True cost

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Yesterday I saw this documentary and I urge you to watch it, it’s very hard to even watch it fully as you realise we are all part of it on some way. It’s heart breaking but at the same time we are part of the problem, we can also flip the coin and take the decision to make conscious choice of our power as a consumer.

This documentary opened my eyes, and I hope it will do the same for you. I am not as bad as some people or friends I know, I don’t really shop that often you know at Topshop, H&M, Zara all those places but I occasionally do. I don’t really like this fast fashion because it’s impersonal, everybody dresses the same.

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While I lived in London, I discovered vintage shopping. I inherently already knew about vintage as my wardrobe was already full of my mother’s dresses or pieces she pass down to me. I always have loved fashion, but more than fashion itself I love clothes, beautiful clothes. This love was cultivated with mother she taught me this. She keeps items in her wardrobe for years and years, she mends them she care for each piece of clothing she owns. I try to do that too.

After watching this film I felt sick, and went to my wardrobe and started to look at the labels of clothing that I have. Obviously Bangladesh came up, Turkey, China, all the usual places you would suspect from t-shirts I bought from H&M, Topshop, Zara, Gap, Forever 21… I felt awful, I still feel awful and guilty. Like Ali Hewson’s says, “We carry the story of the people who make our clothes around with us.”

A few years back Vintage shopping was a revelation for me. Vintage pieces exude a beautiful quality, they tell a story, a happy story, (unlike the fast fashion pieces…) they connect you to a time, to a person, to a place where they were made. They make you feel special. Each vintage piece I buy it is because I absolutely love them, they are unique (on top of it!) and they become like my treasures that I can enjoy and look after for the rest of my life. I want and will pass them down like my mother did to my children. I cherish those pieces. And on top of this all they fit me wonderfully! (most of them did fit me like a glove but sometime I had them fitted my local dry cleaner). I remember when I was at school H&M had just opened, buying clothes there most of the time left me a bit disappointed as most items never really fitted me or never gave the feeling that vintages pieces always do. Most of those purchases I did discard, although I have a few pieces that I still have today and have kept for many years. Anyway I don’t want to be part of this and I want to change my habits from now on and buy better.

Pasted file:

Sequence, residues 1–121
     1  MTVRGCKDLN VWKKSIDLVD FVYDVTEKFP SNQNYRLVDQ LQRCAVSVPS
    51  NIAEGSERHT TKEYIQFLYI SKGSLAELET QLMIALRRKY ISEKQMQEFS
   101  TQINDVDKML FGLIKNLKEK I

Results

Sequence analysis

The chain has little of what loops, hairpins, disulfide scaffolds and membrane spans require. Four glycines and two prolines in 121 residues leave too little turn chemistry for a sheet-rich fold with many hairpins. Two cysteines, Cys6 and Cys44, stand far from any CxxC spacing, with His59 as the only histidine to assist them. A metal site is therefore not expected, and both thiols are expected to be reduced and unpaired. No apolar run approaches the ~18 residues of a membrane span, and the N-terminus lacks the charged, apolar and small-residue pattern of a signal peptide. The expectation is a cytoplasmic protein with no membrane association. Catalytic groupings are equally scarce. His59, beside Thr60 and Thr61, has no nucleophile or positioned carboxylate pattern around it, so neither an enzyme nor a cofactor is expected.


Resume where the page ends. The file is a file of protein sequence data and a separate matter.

Quoting from the best ladies on this point Livia Firth says: “Buy less and get more ‘fashion mileage’ out of each piece. Buy heritage pieces that will last. Become an active citizen through your wardrobe. Lucy said “if we can all commit to wearing something a minimum of 30 times, then we can buy it. We need to buy clothes that we love. Clothes that will sustain our wardrobe for years to come. This is why I love fashion. It can truly empower you!”

Livia quotes the amazing journalist called Lucy Siegle, she wrote two books on this very complex subject, To Die For: Is Fashion Wearing out the World, and We are what we wear. They are on my reading list definitely.

If like me you want to take more an active approach as a consumer, have a look at the documentary’s website, www.truecostmovie.com they have lots of info on how to be more an informed consumer and brand they recommends too.

One thought on “True cost

  1. Uau!!! Que tapa na cara!! Muito importante ter essa consciência!!
    Acho também que se nós não comprarmos roupa alguma, até o fim dos nossos dias, não ficaremos sem roupa!! Em geral temos muito mais do que precisamos!!!

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